CenturyLink sells data center, colocation business to VC consortium, allocates funds for Level 3 deal

A data center
Image: Balticservers.com/CC BY-SA 3.0

CenturyLink has reached an agreement to sell its colocation and data center business for $2.15 billion in cash and a $150 million minority stake to a consortium led by BC Partners and Medina Capital, closing another telco’s chapter in the challenging data center business market.

RELATED: CenturyLink’s data centers attract private equity firms, says report

The service provider said it would use the net proceeds from this sale to partly fund its $34 billion acquisition of Level 3 Communications, which the company announced on Monday.

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Although CenturyLink won’t own the data centers anymore, the telco will continue to offer colocation services as part of its product portfolio through commercial relationships it will enter into at closing with the BC Partners/Medina-led consortium. CenturyLink will continue to focus on offering customers a wide range of IT services and solutions, including network, managed hosting and cloud.

Upon closing the deal, the BC Partners/Medina-led consortium will assume ownership of CenturyLink's portfolio of 57 data centers. The data center portfolio includes approximately 195 megawatts of power across 2.6 million square feet of raised floor capacity.

The purchase agreement contains various customary covenants for transactions of this type, including commitments from CenturyLink to indemnify the purchaser for certain taxes and other specified matters, subject to certain limitations.

Set to close in the first quarter of 2017, the acquisition is subject to regulatory approvals, including filings under the Hart-Scott-Rodino Antitrust Improvements Act and a review by the Committee on Foreign Investment in the United States, as well as other customary closing conditions.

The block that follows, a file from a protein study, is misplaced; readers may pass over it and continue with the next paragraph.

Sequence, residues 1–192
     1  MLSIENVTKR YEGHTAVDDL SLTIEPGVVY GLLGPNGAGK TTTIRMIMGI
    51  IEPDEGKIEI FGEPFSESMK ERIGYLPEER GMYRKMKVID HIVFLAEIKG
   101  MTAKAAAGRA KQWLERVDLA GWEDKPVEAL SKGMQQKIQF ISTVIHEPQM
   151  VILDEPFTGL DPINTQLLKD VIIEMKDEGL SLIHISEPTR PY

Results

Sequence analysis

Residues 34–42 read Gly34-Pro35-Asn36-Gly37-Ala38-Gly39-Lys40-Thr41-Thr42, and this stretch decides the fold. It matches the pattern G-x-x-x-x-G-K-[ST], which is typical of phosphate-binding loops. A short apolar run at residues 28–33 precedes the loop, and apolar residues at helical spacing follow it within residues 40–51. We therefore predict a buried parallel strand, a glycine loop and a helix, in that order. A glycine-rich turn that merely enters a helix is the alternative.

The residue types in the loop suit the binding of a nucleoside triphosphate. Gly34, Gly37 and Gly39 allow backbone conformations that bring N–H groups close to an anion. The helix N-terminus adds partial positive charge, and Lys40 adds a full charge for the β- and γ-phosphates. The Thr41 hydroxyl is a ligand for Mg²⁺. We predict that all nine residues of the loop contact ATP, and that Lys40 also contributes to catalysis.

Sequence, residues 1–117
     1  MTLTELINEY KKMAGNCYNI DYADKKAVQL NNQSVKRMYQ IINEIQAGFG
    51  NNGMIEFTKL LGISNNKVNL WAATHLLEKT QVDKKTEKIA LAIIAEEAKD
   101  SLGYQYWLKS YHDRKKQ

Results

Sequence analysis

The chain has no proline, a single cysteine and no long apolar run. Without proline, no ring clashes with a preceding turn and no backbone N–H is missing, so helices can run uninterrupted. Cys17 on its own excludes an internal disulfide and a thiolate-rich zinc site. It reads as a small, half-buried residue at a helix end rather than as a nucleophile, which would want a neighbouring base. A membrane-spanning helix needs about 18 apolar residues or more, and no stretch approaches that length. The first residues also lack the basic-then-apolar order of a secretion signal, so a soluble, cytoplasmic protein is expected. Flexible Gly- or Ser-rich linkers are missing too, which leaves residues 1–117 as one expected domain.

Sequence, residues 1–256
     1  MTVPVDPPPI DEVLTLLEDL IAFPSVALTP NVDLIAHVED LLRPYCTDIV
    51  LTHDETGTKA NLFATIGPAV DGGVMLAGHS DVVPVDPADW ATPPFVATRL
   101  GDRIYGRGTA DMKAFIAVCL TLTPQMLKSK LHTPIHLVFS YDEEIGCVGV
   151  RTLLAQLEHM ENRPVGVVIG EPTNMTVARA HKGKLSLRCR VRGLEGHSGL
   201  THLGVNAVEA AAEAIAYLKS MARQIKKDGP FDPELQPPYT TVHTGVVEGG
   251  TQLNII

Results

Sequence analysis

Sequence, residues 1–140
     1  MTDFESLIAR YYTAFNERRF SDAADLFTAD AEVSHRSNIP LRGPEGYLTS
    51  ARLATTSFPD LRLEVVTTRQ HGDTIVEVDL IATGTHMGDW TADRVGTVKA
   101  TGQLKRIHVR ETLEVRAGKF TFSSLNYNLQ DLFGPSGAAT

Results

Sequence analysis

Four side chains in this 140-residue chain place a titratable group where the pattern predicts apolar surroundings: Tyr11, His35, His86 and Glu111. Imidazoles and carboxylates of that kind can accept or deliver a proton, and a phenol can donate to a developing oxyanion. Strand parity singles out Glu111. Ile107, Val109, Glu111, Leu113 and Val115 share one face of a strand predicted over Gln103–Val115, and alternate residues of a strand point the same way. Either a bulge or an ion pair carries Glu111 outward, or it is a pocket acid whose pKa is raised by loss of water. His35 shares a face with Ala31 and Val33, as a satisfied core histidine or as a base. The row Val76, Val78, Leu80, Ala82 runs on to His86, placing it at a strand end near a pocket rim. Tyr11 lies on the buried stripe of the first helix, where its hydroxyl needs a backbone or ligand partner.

In addition to purchasing CenturyLink’s data center assets, the new joint venture is acquiring four security and analytics companies, which were previously part of the Medina Capital portfolio – Cryptzone, Easy Solutions, Brainspace and Catbird.

Upon closing, the company will have over 3,500 customers and 2.6M square feet of raised floor capacity, and will be exceptionally well-positioned to pursue opportunities in the managed security market, which Gartner estimated will grow to $113.4 billion by 2020.

News of this deal should not be of any surprise.

In September, a Reuters report suggested that GTCR, Charlesbank Capital Partners, Berkshire Partners and Stonepeak Infrastructure Partners were going to hatch a joint bid for the data center facilities.

Given the capital challenges to maintain and operate a data center business, CenturyLink isn’t the only telco that’s been reviewing its data center business. Windstream sold its data center business to TierPoint, a data center specialist, for $575 million in October 2015.

Verizon is also looking for a buyer for its data center business. In January, Reuters reported that the telco has devised a plan to sell its data center business in a potential $2.5 billion deal. Verizon's colocation assets include 48 data centers, which currently generate earnings of about $275 million. However, no deal has been made yet.

Fran Shammo, CFO of Verizon, told investors during the telco’s third quarter earnings call that they are negotiating with just one unnamed party.

“We should have something to formally announce to everyone early in the fourth quarter,” said Fran Shammo, CFO of Verizon.

Earlier, a Cowen & Co. investor note suggested that Verizon may be close to selling its data centers to Equinix, a data center specialist, for nearly $3.5 billion, marking the telco’s desire to sharpen its focus on its more profitable wireless and fiber-based business lines.

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